The third adaptation of John Buchan’s classic pre-WWI set thriller is still the only version I’ve ever seen, and it’s apparently the one closest to the novel, even if general consensus remains that Hitchcock’s adaptation is the best. When I was at school, there were these small books that were novelisations of films from the 1970’s, crammed with stills and a condensing of the text that in retrospect, toned down the violence these PG rated films originally had. Films I remember being adapted were Silver Streak, Jaws 2, The Poseidon Adventure, Rollercoaster and this, so The Thirty-Nine Steps was one film that I knew nearly inside out before actually having watched it. One bit I couldn’t wait to see played out on screen was the finale on the clockface of Big Ben, which remains the most famous element of this film by a long shot.
England, 1914. War is just around the corner, and John Mills’ retired spy Colonel Scudder stumbles onto a plot to assassinate the Greek prime minister on his upcoming visit to London. Both of the high-ranking government-types he tells this to are murdered, and Scudder’s next in line, so he passes on his knowledge (but not too much, that would give away the plot) to the mining engineer who lives in the same block of flats as him. Yes, it’s Jesus himself – Robert Powell as Richard Hannay! What follows is a good old race against time, not to mention a flee from danger, as the two Prussian agents hired to track Hannay down are a right pair of menacing bastards. They used to scare me when I was little. Played by Ronald Pickup and Donald Pickering (the casting agent must have been feeling especially picky that day), they’re not by any means sadistic but they have absolutely no qualms in killing anyone who gets in their way. Their boss is played by David Warner, who is rarely ever a nice guy in cinema, and he establishes his credentials by greeting a man in a fog-strewn alley by killing him with a sword! This could almost be a lively romp were it not for the constant air of danger – director Don Sharp handles the suspense pretty well, especially in the opening act and climax. Ah yes, Big Ben. Apart from a few obvious back-projection shots, the sequence of Hannay hanging off the minute hand of the clock is pretty spectacular and exciting. You can’t beat a bit of hgh-altitude action for a nail-biting finale – Back to the Future did it, this did it….there are plenty more, I’m sure.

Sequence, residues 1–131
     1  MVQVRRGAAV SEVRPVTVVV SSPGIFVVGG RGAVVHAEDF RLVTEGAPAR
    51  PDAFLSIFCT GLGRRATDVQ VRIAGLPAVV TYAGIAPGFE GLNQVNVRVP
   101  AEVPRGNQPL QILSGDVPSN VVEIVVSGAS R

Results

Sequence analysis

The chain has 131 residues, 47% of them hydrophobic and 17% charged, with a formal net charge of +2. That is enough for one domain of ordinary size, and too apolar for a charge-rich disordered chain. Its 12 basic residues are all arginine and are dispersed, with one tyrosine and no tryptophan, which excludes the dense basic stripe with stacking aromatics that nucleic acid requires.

It’s not by any means perfect – the romantic subplot is pretty perfunctory, and the plot obstacle of a third-party (in this case an actually very nice fiance who’s bethrothed to the film’s single female character, poorly referred to by most parties as ‘the girl’) isn’t resolved with anything approaching sensitvity or realism. This is also the kind of film where a prisoner can feign a panic attack or whatnot and the stupid guard actually enters the cell unarmed so that he can be smacked unconscious with a heavy object. Then again, it’s also the kind of PG-rated film where we see someone shot in the head in the first ten minutes. You’d never get away with that these days. Robert Powell has such a fragile, precise, almost fey handsomeness that I can’t imagine you’d see in a modern-day blockbuster – he’s an arrogant character at times, but he’s played very well, and even with a dash of humour. I particularly liked the sequence when he’s been incapacitated and can only communicate via head movements (and in one hilarious bit, with his eyes). The film looks good thanks to its countryside locations, the music has the espionage atmosphere down pat and it mostly moves along at a fine old pace. Maybe the mostly straight-faced approach and stiff upper-lip demeanour results in a thriller that only very occasionally lets itself rip, but I for one liked its old-fashionedness. Besides, that ending is worthy of any big 1970’s blockbuster.
PS: The film’s none-more-1970’s credits font is more or less identical to the one director Don Sharp used for his cult classic horror Psychomania.